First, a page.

Singapore Gov’t, Mastercard and Mitsubishi Form Alliance to Digitize Trade
The Singapore government, along with an array of the world’s major financial and manufacturing companies, has formed an alliance to promote the adoption of digital technologies in trade and commerce.
According to a press release shared with Cointelegraph on Jan. 22, the government of Singapore, the International Chamber of Commerce (ICC) and 16 other companies including Mastercard, Mitsubishi Corporation, DBS Bank, Tokio Marine and Marubeni Corporation have partnered to speed up the deployment of digital technologies in trade and commerce.
The new partnership is part of the ICC TradeFlow Alliance. ICC TradeFlow was built by Perlin on top of TradeTrust — a project of the Singapore government.
The impetus behind the initiative is to transit from paper-based systems to digitally-enabled trade, which will purportedly cut time and operational costs, as well as reduce incidences of fraud and human error.
The firms involved are also open to integrating distributed ledger technology into their operations, with British banking and financial services company Standard Chartered saying that it sees “tremendous opportunities to leverage digital solutions to enable faster, safer, more efficient, and transparent trade transactions across our global network.” Singaporean DBS Bank commented:
“Among business processes, trade and trade
finance continue to be the most onerous, with reams of physical paper having to move from place to place to establish authenticity and ownership. Digital technologies, especially distributed ledger, are well geared to solve this, but this requires coordination from key players on a global scale.”
Perlin told Cointelegraph that ICC TradeFlow is built on top of the Singapore Government's TradeTrust network, a multilateral, open, legal and technical framework that purportedly enables interoperability across different trade platforms and formats for exchanging trade documents on a public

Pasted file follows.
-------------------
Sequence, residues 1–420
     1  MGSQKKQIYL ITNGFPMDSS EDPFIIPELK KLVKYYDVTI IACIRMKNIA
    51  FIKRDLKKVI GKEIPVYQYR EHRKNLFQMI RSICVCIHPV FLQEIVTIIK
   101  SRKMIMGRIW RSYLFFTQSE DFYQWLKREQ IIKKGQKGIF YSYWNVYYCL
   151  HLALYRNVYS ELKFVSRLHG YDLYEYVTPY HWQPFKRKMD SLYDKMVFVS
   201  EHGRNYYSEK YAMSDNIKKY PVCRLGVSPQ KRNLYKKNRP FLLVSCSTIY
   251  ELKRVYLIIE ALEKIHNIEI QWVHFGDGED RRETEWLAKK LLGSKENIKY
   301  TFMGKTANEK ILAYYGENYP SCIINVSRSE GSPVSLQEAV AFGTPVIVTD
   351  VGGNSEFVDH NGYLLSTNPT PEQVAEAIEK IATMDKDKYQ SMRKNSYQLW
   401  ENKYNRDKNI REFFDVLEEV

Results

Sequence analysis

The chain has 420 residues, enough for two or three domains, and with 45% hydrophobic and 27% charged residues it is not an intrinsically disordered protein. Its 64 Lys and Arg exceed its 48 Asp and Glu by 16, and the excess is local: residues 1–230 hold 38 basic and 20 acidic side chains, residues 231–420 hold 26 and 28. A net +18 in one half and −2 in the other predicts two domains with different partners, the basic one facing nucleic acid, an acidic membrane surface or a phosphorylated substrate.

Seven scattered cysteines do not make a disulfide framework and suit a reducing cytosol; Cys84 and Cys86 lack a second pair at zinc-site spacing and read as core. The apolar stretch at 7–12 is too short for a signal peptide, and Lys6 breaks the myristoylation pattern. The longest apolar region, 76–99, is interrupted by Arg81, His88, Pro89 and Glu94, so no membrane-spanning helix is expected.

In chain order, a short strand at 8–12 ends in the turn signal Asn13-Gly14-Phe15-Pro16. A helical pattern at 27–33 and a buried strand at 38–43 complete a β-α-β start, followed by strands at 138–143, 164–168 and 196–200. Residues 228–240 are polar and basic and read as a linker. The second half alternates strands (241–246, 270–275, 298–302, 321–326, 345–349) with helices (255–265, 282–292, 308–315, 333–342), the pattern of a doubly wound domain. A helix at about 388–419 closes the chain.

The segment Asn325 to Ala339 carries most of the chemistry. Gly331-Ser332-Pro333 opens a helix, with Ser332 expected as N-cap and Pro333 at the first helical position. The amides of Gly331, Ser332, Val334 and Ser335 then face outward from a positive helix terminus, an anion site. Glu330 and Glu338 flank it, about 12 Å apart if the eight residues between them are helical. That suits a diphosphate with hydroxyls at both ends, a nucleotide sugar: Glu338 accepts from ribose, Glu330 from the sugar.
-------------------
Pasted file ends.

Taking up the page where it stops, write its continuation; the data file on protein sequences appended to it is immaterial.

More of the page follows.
The Singapore Government will act through its local digitization and trade authorities — Infocomm Media Development Authority and Enterprise Singapore, which will promote and apply platform, as well as launch dedicated pilots based on deals moving through Singapore.
As of now, the ICC TradeFlow pilot has ostensibly more than halved transaction times from 45 days to 20 days. The company intends to reduce the transaction time to 24 hours or even less.
Additionally, the ICC TradeFlow allows
trading partners to exchange, verify and authenticate digital trade documentation, including letters of credit, bills of lading and others, which must be shared between trading counterparties.
The new opportunities presented by digital platforms — such as the ability to digitize assets — will make international trade more inclusive, Perlin states, and allow more small and medium enterprises participate:
“This has huge benefits including enabling new alternate sources of trade financing, allowing investors currently locked out by the complex and time-consuming paper-based frameworks to invest in and trade digitised physical assets (e.g. sovereign wealth funds, pension funds, family offices, etc. — will be able to participate). Whole new types of financial derivatives will be possible for trade and trade finance globally.”
“This is part of the vision for blockchain to make global economies more efficient, inclusive and sustainable,” Perlin said.